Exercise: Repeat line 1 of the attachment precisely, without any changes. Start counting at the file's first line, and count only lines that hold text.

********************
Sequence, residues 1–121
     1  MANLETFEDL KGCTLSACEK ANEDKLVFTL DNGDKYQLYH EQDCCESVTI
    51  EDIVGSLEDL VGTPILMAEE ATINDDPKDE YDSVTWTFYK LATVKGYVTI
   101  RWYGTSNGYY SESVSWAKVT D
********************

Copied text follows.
Sequence, residues 1–121